The most significant budget since turn of the century
For the centre to thrive, pro-business social democracy must be developed, heralding this 'new politics' once and for all
'The centre must hold" was the mantra of Fine Gael and Fianna Fail from either side of the Dail on Budget day. The battle cry of the two old parties was met with disdain by those who remains intent to usher in a "new" order, the form of which remains ill-defined, other than to be rooted in the tried and failed ideologies of the far left, of the Socialist Party, the Socialist Workers Party and an increasingly confused Sinn Fein.
In Ireland we do not 'do' the far right, not since the Blueshirts were laughed out of town in the 1930s, with the emergence of a political system which, generally speaking, has stood this country in good stead since the foundation of the State. But elsewhere around the world the far right and far left have gained traction since the collapse of the system in the ugly form into which it had evolved by 2008, in the "new" form of what are called populists such as Donald Trump, Bernie Sanders, Marie le Pen and Jeremy Corbyn to name a few, but which are, in separate ways, echoes of a failed past.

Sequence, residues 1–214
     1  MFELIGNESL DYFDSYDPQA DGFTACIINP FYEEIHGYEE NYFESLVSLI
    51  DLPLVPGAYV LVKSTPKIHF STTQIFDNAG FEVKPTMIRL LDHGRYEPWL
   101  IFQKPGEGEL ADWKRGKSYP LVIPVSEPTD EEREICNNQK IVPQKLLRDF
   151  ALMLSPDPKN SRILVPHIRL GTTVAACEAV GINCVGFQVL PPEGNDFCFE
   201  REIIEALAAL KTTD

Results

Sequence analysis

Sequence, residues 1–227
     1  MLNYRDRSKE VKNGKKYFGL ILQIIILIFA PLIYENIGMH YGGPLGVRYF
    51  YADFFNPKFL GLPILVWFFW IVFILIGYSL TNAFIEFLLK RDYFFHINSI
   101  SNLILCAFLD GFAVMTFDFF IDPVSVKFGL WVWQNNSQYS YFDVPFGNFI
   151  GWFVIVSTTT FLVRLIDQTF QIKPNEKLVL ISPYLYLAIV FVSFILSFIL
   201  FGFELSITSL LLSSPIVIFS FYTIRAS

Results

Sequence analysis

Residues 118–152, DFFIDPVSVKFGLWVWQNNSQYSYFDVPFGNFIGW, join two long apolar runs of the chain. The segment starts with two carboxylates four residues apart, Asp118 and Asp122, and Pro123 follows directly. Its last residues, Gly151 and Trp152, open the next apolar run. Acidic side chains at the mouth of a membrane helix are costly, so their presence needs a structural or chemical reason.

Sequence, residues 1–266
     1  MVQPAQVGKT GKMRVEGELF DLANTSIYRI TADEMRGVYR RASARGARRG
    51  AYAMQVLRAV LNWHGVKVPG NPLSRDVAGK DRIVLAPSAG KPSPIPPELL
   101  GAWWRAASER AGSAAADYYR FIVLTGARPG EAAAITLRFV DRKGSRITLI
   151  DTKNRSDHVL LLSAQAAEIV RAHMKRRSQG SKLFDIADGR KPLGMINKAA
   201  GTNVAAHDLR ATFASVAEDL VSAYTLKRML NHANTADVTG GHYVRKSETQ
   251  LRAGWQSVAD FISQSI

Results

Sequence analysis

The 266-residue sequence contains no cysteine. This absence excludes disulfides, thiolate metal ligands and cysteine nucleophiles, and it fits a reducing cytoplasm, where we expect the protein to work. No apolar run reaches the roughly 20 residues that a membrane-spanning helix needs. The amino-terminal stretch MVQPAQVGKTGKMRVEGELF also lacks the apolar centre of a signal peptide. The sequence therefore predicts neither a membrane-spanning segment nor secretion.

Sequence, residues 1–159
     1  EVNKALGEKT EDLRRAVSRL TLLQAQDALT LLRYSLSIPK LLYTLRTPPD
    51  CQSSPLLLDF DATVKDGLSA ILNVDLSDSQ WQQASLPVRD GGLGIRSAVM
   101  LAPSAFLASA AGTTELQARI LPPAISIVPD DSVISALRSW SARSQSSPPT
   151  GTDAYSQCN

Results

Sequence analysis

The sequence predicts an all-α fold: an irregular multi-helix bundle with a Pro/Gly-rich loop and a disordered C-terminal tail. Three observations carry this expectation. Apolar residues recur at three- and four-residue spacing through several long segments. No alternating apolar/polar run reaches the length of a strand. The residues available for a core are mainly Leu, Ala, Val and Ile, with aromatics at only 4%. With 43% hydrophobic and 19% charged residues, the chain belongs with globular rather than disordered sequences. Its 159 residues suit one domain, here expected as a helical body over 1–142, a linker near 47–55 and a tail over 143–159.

For all the populist traction, however, the centre is holding, has held, although is fractured, as was evident here in the general election this year, with the emergence of a strong, though far from radical, Independent vote. That vote was centrist in nature, though, in a traditional sense.